At the current session of the National Assembly Standing Committee, some delegates argued that a pilot project to manage addicts and provide them with vocational training and jobs is a waste of money.
Rehabilitated addicts work at Nhi Xuan Retoxication Center of The Ho Chi Minh City Youth Volunteer Force.
If the argument is considered from the perspective of money, it is not persuasive.
According to the Ho Chi Minh City People’s Committee, VND1.2 trillion (US$74.2 million) was spent on the project during the last five years. Of this amount, VND460 billion (US$28.5 million) was used to build infrastructure and the remainder was spent on addict management, rehabilitation, vocational training, health care and integration into the community. Over 30,000 addicts have been helped by the project. If this sum of money is compared to the number of addicts, the city has spent VND423,000 (US$26) for each addict per month.
Meanwhile, surveys suggest that if the addicts are left to themselves, each one would cost VND50,000 a day or VND3 million a month. Thus 30,000 addicts would cost VND3 trillion over a five years period.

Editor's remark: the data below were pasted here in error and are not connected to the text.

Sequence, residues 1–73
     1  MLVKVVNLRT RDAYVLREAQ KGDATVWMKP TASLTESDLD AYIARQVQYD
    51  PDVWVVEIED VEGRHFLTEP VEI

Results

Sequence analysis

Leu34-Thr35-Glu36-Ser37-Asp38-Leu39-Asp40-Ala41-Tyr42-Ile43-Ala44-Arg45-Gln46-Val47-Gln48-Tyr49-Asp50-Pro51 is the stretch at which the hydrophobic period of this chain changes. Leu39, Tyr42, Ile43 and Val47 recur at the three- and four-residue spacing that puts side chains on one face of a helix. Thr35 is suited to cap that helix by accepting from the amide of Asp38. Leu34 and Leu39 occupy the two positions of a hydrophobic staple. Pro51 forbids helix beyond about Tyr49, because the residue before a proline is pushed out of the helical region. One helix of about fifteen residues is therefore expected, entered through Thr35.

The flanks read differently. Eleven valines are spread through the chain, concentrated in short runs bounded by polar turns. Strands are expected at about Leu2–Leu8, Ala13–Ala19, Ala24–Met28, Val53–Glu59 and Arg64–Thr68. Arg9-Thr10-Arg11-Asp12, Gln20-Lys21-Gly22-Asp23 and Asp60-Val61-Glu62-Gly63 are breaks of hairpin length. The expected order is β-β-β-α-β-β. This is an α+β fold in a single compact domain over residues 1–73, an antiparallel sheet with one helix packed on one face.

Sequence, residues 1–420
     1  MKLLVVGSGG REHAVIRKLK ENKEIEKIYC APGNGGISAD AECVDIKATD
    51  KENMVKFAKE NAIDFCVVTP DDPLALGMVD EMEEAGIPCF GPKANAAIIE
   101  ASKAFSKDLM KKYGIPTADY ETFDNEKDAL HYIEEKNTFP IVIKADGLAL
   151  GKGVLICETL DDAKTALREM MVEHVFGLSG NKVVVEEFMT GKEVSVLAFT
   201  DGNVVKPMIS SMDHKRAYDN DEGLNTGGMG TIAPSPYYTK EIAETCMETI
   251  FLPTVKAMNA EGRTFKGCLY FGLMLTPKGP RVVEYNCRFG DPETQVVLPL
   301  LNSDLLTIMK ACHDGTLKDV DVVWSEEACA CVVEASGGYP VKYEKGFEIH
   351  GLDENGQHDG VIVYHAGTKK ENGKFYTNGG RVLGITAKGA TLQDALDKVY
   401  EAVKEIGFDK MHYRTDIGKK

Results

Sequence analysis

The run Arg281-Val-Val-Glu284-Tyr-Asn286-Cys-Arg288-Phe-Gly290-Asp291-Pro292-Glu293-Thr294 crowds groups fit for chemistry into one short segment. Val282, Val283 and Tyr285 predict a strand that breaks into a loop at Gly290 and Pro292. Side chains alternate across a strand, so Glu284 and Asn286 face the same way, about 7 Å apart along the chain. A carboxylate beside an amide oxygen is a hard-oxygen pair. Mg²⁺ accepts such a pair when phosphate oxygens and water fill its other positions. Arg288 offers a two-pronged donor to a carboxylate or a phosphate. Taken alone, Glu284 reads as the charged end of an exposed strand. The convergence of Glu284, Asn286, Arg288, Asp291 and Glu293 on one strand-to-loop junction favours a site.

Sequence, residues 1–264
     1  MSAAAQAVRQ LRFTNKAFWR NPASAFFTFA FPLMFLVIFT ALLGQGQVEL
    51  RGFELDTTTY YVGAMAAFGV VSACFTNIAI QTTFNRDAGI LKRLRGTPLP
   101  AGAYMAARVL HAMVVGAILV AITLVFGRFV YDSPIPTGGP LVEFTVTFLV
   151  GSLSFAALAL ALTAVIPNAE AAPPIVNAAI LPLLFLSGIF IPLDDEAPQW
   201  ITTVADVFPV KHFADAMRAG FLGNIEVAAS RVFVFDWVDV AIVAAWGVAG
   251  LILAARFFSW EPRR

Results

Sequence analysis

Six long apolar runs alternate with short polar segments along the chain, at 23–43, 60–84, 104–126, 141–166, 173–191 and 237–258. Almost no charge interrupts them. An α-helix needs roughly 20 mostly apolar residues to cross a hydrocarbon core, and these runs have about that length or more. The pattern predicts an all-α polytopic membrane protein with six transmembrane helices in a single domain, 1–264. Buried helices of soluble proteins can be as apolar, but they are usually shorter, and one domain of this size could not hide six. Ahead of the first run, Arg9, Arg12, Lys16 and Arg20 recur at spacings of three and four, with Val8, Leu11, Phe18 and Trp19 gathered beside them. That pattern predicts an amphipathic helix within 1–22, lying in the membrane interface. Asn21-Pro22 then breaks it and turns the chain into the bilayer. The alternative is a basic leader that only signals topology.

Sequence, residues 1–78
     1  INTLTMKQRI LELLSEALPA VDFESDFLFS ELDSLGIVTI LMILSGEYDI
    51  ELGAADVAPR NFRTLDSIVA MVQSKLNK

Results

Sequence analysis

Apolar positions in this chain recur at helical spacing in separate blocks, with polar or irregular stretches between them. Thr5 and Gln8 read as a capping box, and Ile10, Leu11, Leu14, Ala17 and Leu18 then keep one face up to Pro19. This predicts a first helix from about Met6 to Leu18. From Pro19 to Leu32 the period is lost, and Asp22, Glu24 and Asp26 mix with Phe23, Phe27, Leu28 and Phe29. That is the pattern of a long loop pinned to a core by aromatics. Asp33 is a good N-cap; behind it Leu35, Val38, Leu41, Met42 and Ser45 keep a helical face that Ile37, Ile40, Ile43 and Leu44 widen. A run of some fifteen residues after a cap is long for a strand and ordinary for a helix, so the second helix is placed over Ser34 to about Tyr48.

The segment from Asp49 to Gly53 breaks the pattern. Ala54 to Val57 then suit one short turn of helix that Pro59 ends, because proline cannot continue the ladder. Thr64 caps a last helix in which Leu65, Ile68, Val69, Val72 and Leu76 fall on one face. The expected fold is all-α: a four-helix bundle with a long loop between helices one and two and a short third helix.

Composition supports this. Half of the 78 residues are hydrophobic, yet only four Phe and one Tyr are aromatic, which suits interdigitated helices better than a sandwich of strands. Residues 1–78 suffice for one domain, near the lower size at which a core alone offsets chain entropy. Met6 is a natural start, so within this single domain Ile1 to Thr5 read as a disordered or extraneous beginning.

Obviously, VND1.2 trillion (US$74.2 million) is less than VND3 trillion (US$186 million). Some experts argue that VND3 trillion is the amount paid by families whose relatives are addicts while VND1.2 trillion is the city budget. However, the city’s budget represents the tax money of the citizens.
The project is a social investment. The financial aspect is not the only one to be considered.
During the five years the project has been operation, the number of addicts who take part has increased from 7,000 in 2003, to 9,000 in 2004, 15,000 in 2005, 23,000 in 2006 and over 30,000 in 2007.
What would happen if 30,000 addicts were left to themselves and not rehabilitated?
According to a foreign social organization’s research, one addict may lure as many as three non-addicts into addiction within a one or two year period. A higher demand for drugs would have many ill effects: drug trafficking, crime, and an unstable society.
In the last five ears, the number of crimes committed by addicts has dropped from 16,000 in 1999 to 9,000 in 2006, 2007. The percentage of addicts who are infected with HIV has fallen from 82 percent in 2001 to 42 percent in 2006.
AIDS is the disease of the century. Most AIDS patients are drug users. Prolonging their lives strains the resources of the society and of their families and requires a great deal of much money. So preventing HIV in young people is the most encouraged result of the project.
If these results are considered, the sum of money spent on the project can not be called wasteful.
We applaud the war against waste. However, the war against drugs is a war for the lives of young people who represent a human resource. In this fight, even a small victory is worthwhile and cannot be exchanged with money.
The public is raising its voice and hoping that the National Assembly will continue the addict management and rehabilitation project.